The opportunity for becoming a “broker” for online branded entertainment would further re-inforce Ireland as a location for global advertising services .

With over 217 million people playing online games globally (Comscore 2007), there is an enormous opportunity for creating the right environment for locating a hub for this global activity here. We already have a number of success stories located in The Digital Hub such as Goa and GALA Networks, so there is real merit in targeting this area strategically.

The IDA should make a concerted effort to locate online gaming in Ireland and provide a tax-incentivised location to that end.

Return On Investment:
Ireland has done well from middleware applications for the gaming industry. Now as the area moves towards a Software as Service model, there is ample opportunity to create employment in this area. This may also have the knock-on benefit of furthering a games developer industry where original IP can be created.

Already Ireland is host to a number of multi-nationals who have avowedly stated that Cloud Computing is an inherent part of the business strategy. These include Amazon, Facebook, Microsoft , Google and IBM. In a sense, this opportunity needs to be seen in tandem with the next opportunity, data warehousing as they are much the same thing. However, it is the content creation and services side of Cloud-Computing that is of huge potential to Ireland.

A concerted educational push at primary, secondary and tertiary level to encourage the understanding of Software Developer Kits. This need only be endorsed and supported by the Department of Education and may be funded by the relevant enterprise providers. The educational activities may take place in the form of after-school activities, competitions, club house environments utilising the facilities of the education establishments.

Return On Investment:
Innovation and entrepreneurship. Cloud Computing and the services infrastructure offers a low barrier to entry for monetising creative and technical services and products. By instilling this sense of creativity and technical expertise, there is the manifold effect of creating both an audience for the products as well as developers.

This opportunity should be carefully considered relative to the other opportunities – legal, advertising and cloud-computing. Initially, it would be aimed at the traditional content sectors such as film, video and audio. Archiving and the monetisation of existing content will be the initial priority. But as the industry develops and the demand for content becomes more sophisticated, Ireland will be well positioned for the tranisiton.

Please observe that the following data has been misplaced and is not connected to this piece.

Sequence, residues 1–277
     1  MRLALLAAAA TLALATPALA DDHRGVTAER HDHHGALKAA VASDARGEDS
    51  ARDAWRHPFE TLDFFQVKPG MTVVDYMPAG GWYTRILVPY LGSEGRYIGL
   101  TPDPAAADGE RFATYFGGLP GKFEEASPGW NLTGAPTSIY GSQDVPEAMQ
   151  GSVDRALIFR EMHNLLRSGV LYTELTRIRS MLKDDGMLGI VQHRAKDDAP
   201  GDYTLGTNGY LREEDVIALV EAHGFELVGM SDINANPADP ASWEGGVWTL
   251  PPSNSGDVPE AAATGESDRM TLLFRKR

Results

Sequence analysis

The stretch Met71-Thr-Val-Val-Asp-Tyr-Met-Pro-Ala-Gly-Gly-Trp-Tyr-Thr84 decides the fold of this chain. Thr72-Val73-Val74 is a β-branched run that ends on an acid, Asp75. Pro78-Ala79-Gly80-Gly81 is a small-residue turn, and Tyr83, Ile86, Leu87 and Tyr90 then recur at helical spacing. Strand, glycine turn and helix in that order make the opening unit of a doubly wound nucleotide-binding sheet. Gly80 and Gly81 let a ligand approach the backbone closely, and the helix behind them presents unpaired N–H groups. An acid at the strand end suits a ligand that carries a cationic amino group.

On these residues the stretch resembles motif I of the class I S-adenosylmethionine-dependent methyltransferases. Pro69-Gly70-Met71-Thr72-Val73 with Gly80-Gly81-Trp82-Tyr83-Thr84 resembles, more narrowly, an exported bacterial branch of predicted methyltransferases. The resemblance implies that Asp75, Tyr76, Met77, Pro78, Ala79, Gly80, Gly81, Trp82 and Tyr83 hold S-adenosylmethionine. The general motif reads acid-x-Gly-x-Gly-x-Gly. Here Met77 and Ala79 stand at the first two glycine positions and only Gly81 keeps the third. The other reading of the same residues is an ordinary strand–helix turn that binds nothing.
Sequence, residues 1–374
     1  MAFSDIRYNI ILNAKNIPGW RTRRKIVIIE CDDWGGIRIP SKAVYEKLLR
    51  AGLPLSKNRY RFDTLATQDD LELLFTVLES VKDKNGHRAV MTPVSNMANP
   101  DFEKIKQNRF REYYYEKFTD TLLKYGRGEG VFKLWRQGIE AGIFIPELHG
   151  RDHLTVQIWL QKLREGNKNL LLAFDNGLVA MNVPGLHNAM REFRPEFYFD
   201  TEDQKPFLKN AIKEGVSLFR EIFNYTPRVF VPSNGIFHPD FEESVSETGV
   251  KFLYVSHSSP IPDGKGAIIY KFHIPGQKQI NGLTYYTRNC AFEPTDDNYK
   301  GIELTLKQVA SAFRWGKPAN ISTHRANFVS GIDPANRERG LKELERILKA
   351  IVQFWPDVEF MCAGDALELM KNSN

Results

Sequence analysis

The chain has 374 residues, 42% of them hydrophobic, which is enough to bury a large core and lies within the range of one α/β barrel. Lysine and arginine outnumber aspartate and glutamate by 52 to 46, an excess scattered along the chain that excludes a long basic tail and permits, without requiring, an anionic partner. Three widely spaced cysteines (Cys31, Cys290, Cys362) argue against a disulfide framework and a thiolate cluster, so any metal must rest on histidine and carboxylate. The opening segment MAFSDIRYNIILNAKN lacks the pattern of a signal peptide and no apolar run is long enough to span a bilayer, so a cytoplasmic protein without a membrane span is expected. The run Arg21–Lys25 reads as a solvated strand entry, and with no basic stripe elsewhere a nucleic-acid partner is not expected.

By pro-actively creating the correct entrepreneurial, legal, administrative, political and commercial environment to support this idea then we can create a world-class solution for the provision of global content.

Return On Investment:
According to the International Federation of the Phonographic Industry (IFPI), in 2007 20 billion music files were illegally downloaded. In 2008, that went up to 40 billion music files illegally downloaded. At the same time, digital music grew by an estimated 25% and is now worth 3.7 billion dollars in 2008. Digital music now accounts for 20% of recorded music sales, up from 15% in 2007. The ratio between illegal to legal downloads is 10:1.

The film industry is looking down the barrel of the same gun. In 2006, piracy cost the movie industry $6.1 billion, 75% higher than expected, according to the Motion Picture Association of America.

There is a huge opportunity for Ireland to provide a solution to the mess. Digital Content as a commodity provides for a low-cost, high volume business opportunity.

Managing Innovation
The Digital Economy is fundamentally different than the old Industrial Economy. The focus now is on collaborative processes, shared resources, teamwork, knowledge sharing, open innovation, communities of practice and value networks. Value in a digital enterprise is largely determined by intangibles such as technical competence, imagination, creativity, ideas and flexibility. However, alongside these, having an ability to invest in, value, finance and apply the appropriate business model to develop digital projects, is equally crucial.

Because a digital age way of thinking and acting is so different than the old, a radical approach to learning will be used in the ICSC. In order to provide ongoing intellectual support for those engaged on projects, a dynamic learning infrastructure will be put in place. Developed in partnership with existing educational providers, it will nurture a spirit of innovation, stimulate ventures, help individuals understand risk and manage change in a supportive mutual learning network. Quality, initiative, a risk taking attitude and eagerness for self-development will become a core feature in the participants’ professional lives.

A rich and dynamic environment will emerge through the interaction of those from diverse backgrounds such as media studies, financial services, IT, business, the arts, engineering and science drawing on and learning from each other. Innovation programmes will also draw on the creative cultural resources of this country along with the values and identities of recent immigrants, leading to a world renowned cultural dynamic. This education will leverage expertise already available in the IFSC gained by developing programmes there. Such an approach to creating value from projects founded on interactions between digital and financial networks will lead the ICSC to generate an inimitable international competitive advantage for Ireland.

Thanks to the following contributors to these articles for their ideas and input:

Finbarr Bradley, Michael Walsh (, Liam Ward & Graeme Kelly (DV4), Andrew Fitzpatrick (Monster Distributes), Andrew McAvinchey, Cathal Gaffney (Brown Bag Films), Alex Klive (, Johnny Ryan (IIEA), Frederic Herrera (IADT/Create), Ed Melvin (ICANN)

posted by Neil Leyden @ 4:41 p.m. 3 comments